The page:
SALT LAKE CITY — A treatment plant malfunctioned over the weekend and sent toxic mine wastewater into a creek that will likely reach the San Juan River in New Mexico on Tuesday.
From there, it will meander into Utah over the next several days.
The plant in Colorado was handling the aftermath of 3 million gallons of metals-laden sludge from the 2015 breach of the Gold King Mine in Colorado, which prompted multiple lawsuits from impacted states, including Utah.
So once again, environmental scientists from the Utah Department of Environmental Quality were scrambling to see what the impacts are from another high profile contamination event.
Those scientists, joined by experts from the U.S. Geological Survey, are waiting on water samples collected from four Utah locations that include Mexican Hat, Montezuma Creek and Sand Island near Bluff.
Those will be compared to water samples taken in the days to come to determine the extent of contamination from 800,000 gallons of acidic mine wastewater that escaped from a treatment plant into Cement Creek sometime Friday. The U.S. Environmental Protection Agency is now reporting that teams cleared the road on Saturday and the agency was able to access the plant and stop the release into Cement Creek.
According to the federal agency, an extreme snowstorm Thursday knocked out power at the Interim Water Treatment Plant at the Bonita Peak Superfund site in Gladstone, Colorado.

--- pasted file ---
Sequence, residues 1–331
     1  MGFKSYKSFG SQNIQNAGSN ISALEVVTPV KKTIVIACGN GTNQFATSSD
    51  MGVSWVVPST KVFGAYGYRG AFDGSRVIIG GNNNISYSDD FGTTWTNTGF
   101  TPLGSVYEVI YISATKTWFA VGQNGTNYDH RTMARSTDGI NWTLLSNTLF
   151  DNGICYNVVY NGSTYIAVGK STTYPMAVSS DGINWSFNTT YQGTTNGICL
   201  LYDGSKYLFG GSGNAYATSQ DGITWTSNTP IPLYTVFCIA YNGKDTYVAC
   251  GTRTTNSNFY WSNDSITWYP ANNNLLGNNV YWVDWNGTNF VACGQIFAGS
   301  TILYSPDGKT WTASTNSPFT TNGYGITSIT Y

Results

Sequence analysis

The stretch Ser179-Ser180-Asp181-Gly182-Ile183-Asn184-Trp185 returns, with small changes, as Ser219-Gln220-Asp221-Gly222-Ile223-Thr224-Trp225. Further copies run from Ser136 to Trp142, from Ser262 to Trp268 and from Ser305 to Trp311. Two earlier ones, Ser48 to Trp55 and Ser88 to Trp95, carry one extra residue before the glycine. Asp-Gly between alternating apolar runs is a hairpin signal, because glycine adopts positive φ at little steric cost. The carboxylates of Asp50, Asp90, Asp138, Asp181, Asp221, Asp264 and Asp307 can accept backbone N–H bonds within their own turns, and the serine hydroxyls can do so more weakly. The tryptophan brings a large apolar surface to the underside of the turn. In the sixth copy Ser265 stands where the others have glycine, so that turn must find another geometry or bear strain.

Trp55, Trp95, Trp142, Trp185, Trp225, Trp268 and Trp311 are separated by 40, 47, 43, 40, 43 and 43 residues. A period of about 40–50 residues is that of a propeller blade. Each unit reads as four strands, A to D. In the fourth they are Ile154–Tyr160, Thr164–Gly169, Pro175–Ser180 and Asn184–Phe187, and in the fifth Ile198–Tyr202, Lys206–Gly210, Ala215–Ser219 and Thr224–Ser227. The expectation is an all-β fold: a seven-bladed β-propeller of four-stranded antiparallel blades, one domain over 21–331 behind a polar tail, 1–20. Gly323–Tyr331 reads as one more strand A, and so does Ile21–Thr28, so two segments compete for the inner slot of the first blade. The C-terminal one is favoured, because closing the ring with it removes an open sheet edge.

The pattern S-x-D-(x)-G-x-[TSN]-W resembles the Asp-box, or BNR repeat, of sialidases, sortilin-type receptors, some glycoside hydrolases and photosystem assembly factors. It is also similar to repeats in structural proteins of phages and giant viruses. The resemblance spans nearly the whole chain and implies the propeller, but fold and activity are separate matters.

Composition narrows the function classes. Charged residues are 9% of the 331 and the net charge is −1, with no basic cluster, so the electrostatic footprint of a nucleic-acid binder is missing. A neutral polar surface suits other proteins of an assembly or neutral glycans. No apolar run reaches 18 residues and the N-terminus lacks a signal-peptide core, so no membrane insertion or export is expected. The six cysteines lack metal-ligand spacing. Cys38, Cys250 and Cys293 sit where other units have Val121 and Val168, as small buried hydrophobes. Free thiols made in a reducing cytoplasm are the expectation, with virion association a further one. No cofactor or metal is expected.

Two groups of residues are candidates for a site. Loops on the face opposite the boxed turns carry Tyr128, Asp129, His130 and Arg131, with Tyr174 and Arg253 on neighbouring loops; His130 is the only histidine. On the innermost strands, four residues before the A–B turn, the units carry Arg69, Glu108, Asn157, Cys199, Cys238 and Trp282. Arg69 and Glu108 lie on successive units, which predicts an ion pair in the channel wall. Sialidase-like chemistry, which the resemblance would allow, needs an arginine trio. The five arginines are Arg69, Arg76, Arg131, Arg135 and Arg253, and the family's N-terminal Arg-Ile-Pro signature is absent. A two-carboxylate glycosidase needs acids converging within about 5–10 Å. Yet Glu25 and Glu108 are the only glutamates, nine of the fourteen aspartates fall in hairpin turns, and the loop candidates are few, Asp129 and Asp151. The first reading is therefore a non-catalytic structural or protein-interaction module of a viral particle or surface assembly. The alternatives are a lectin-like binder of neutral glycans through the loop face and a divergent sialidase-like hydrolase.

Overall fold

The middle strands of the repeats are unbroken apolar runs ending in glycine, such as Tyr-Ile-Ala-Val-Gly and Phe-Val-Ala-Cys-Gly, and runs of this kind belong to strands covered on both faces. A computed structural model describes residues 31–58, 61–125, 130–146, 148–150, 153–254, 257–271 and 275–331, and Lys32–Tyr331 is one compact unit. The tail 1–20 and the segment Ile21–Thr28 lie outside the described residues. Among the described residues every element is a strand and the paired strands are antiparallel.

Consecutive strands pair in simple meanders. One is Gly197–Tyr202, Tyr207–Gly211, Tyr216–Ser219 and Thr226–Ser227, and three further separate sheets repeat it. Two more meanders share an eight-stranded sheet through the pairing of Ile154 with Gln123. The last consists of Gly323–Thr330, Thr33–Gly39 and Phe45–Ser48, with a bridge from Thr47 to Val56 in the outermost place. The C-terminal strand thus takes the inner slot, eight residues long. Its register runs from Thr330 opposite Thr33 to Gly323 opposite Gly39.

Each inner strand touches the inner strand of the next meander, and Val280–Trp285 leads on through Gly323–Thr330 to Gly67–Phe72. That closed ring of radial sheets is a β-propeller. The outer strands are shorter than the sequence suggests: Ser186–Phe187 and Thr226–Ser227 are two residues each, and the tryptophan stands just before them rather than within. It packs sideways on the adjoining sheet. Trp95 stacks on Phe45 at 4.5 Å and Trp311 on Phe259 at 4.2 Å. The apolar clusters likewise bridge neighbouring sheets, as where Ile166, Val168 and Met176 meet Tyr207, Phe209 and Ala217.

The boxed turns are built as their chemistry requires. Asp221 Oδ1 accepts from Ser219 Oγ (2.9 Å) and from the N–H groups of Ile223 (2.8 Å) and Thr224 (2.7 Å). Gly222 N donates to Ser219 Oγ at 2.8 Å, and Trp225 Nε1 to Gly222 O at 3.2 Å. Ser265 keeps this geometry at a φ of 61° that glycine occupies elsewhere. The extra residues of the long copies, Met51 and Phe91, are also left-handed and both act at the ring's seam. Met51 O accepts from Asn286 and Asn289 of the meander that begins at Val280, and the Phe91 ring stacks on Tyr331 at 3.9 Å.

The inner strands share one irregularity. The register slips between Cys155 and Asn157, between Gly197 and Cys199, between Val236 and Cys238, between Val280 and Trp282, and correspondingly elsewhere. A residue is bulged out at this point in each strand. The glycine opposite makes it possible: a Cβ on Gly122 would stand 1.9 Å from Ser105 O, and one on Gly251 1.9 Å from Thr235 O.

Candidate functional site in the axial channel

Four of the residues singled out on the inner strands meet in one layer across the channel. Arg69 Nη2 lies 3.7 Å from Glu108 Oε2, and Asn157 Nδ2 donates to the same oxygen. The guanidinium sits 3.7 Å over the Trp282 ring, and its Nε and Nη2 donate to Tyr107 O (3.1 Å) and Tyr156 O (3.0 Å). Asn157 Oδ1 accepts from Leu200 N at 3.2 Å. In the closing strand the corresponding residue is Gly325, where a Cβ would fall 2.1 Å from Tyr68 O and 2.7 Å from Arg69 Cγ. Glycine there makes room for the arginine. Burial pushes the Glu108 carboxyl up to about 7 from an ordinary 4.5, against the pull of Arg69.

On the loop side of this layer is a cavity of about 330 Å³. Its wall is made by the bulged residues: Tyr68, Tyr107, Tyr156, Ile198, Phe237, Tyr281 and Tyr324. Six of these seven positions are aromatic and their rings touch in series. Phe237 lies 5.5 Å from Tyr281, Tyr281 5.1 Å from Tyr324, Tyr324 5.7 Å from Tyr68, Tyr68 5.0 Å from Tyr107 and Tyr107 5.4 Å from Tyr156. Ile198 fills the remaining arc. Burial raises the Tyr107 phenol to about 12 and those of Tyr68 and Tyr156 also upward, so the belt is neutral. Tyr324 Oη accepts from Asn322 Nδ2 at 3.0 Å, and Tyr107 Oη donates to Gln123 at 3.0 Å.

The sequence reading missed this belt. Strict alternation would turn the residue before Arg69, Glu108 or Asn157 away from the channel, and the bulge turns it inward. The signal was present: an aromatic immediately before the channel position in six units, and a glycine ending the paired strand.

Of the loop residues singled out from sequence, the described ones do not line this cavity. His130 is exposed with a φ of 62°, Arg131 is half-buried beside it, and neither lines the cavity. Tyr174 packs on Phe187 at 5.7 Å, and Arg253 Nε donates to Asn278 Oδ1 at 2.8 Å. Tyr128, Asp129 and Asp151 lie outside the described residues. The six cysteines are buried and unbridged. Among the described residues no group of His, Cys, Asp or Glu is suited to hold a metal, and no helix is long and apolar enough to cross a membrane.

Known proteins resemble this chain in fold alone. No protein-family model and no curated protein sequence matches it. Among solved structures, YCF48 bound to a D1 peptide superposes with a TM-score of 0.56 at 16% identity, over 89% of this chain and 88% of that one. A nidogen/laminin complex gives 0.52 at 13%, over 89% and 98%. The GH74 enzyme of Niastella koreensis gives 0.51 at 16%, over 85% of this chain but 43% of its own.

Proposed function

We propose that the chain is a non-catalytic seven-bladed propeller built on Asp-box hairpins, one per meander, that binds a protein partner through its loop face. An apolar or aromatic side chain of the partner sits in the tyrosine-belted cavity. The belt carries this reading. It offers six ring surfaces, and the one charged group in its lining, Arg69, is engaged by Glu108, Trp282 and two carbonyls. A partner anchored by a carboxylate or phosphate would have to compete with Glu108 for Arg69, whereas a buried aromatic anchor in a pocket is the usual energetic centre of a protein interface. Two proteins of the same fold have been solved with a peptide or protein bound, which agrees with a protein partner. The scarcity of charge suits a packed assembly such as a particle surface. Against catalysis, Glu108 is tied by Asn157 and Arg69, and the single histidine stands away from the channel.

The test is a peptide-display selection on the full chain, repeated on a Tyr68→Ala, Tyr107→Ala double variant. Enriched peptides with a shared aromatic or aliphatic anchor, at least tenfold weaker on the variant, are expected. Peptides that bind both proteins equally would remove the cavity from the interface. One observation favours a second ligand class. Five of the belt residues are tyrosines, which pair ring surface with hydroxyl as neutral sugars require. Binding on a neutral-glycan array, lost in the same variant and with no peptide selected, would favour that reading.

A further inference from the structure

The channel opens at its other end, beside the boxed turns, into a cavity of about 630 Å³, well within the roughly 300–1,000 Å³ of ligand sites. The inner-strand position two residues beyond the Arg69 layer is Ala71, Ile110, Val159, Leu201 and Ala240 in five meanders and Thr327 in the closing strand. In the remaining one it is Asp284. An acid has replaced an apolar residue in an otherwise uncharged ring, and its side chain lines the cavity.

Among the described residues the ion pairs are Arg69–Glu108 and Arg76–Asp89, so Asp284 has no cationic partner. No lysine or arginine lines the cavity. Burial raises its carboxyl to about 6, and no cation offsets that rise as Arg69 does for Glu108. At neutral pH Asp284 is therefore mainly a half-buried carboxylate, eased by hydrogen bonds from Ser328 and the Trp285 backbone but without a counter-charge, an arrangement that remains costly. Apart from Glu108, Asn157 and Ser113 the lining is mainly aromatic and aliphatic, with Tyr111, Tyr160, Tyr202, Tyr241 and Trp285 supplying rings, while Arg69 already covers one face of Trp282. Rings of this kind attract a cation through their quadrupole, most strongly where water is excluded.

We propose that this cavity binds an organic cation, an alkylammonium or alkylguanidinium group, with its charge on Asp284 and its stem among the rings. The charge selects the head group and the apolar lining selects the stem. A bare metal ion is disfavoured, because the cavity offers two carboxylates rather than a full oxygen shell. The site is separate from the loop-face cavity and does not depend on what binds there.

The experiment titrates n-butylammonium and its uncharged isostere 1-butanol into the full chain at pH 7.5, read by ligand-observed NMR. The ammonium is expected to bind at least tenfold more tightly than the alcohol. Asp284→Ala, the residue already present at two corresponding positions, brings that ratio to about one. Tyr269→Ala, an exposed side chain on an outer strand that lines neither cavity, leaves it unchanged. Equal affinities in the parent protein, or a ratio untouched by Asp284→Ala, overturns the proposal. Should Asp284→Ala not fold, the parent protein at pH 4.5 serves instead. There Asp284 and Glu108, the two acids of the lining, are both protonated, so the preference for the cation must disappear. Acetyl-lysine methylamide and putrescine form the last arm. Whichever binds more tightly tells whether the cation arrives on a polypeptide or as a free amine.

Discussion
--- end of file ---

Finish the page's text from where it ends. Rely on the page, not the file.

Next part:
After the power outage, a backup generator kicked on and powered a pump to divert the water from the Gold King Mine into treatment ponds. The pump ran for 20 hours before it ran out of fuel and shut down. At that point, the diverted water began to flow into Cement Creek and into the Animas River. It will eventually reach the San Juan River and flow into Lake Powell.
The mine was discharging approximately 300 gallons per minute of acid mine waste into Cement Creek before power was restored on Saturday.
An EPA-contracted work crew breached the Gold King Mine, sending a release of 3 million gallons of metals laden mustard-colored sludge into the Animus River near Silverton, Colorado in 2015. From there, the sludge — filled with lead and arsenic — spread out into a plume that sparked an intense response by states. The spill contaminated the San Juan River after it entered Utah and ended at Lake Powell, where the full impact of the sediment deposited is being evaluated.
In response to the lawsuits, Justice Department attorneys argued that the EPA had immunity from the spill, which New Mexico and other critics insist has been minimized by the federal agency in terms of the environmental impact and duration of the remediation.
The spill required Utah water quality scientists to return to the San Juan River in 2016 to monitor how much metals-laden sediment might be churned up with spring runoff.
Congress passed legislation that directs up to $4 million to be paid to states and tribes and other entities for longtime monitoring of impacted waterways. The law went into effect in 2016.